Why Was Operation Rolling Thunder Responsible For The Vietnam War?

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Operation Rolling Thunder refers to the sustained series of bombing raids carried out by the United States from March 1965 to November 1968 against the communist North Vietnamese regime. They were authorized by US President Lyndon B Johnson as a continuation of the military action seemed in the Gulf of Tonkin Resolution (August 1964) and had numerous aims, although many were not successful: to dissipate the Ho Chi Minh Trail supply routes; weaken North Vietnamese moral, and threaten the North Vietnamese authorities with American will and firepower. On the contrary, it had many severe consequences: the increased foreign support for North Vietnam (notably from China and the Soviet Union); the expansion and re-construction of the Cu-Chi Tunnels, …show more content…

Examples of military help included the provision of surface-to-air missiles and radar-controlled anti-aircraft artillery. Over the course of 1964-65, around the time that Operation Rolling Thunder was introduced, around 3,000 Soviet military personnel were allocated to the war effort in North Vietnam and were responsible for shooting down US planes. By 1967, when Operation Rolling Thunder was reaching its peak, a “a river of aid”, flowing from the Soviet Union to North Vietnam, was reported in Time Magazine. Around the same time, the number of Chinese troops deployed in North Vietnam also peaked at 170,000. Between 1965 and 1971, more than 320,000 Chinese troops were put in service in North Vietnam. This was a severe consequence of Operation Rolling Thunder because it drastically boosted North Vietnamese morale; not only did it increase tension between the communist and democratic nations, it directly strengthened the North Vietnamese war effort - technologically and militarily - enabling them to enact larger campaigns such as the Tet Offensive of …show more content…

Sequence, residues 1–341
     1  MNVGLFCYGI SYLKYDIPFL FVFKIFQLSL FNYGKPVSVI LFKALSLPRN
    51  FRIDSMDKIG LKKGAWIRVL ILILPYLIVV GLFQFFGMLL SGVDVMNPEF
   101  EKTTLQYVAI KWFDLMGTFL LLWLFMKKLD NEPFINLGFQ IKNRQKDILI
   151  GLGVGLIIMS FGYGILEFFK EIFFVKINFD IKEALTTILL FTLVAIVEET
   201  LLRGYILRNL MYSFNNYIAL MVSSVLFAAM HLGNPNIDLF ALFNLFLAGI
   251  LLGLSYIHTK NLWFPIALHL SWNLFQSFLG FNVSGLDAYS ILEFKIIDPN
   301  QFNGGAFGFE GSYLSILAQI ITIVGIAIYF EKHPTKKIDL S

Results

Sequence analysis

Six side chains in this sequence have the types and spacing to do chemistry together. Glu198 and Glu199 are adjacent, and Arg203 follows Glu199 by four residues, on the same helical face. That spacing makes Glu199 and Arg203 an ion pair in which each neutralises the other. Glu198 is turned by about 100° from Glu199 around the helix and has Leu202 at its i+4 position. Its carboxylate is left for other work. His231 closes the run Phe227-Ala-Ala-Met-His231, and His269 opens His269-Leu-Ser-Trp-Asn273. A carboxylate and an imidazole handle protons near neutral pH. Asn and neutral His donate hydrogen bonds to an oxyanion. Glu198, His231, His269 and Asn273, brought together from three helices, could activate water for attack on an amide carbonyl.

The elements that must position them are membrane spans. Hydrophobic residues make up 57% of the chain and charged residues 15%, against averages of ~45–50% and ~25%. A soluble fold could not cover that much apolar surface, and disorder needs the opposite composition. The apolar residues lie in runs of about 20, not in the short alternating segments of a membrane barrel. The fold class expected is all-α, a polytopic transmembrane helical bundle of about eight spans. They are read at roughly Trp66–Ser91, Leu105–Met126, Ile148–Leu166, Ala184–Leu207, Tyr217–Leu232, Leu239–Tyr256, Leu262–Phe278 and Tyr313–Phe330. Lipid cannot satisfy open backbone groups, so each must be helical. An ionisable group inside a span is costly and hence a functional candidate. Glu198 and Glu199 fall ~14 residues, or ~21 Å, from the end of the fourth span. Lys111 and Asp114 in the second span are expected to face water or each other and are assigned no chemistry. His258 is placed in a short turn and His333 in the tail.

This linked with the increase in Soviet and Chinese aid because the tunnels improved the transportation and communication in North Vietnam to successfully utilize the advanced military aid. They were first constructed in 1940, and were utilized successfully by North Vietnamese war authorities during the Vietnam War to combat the better supplied American and South Vietnamese troops. To serve this purpose, the tunnels were erected outside Saigon, the capital city of South Vietnam. Structurally, the tunnels were up to 30 feet deep and ran for about 320 kilometers; it was a complex system with the purpose of allowing the Vietcong to execute guerrilla tactics. This was important because it not only allowed the North Vietnamese troops to hide from the more technologically advanced USA, it also granted them the capability to launch multiple series of surprise attacks and set up concealed traps (such as hidden bamboo spikes and even snakes inside the tunnels). These instilled fear and trauma in many young American and South Vietnamese soldiers - many of whom were since discouraged from the war effort. This was successful in slowing the American offensive and also strengthening the war resistance movement in the American public because the Vietnam War was the first televised war - where the horrors on

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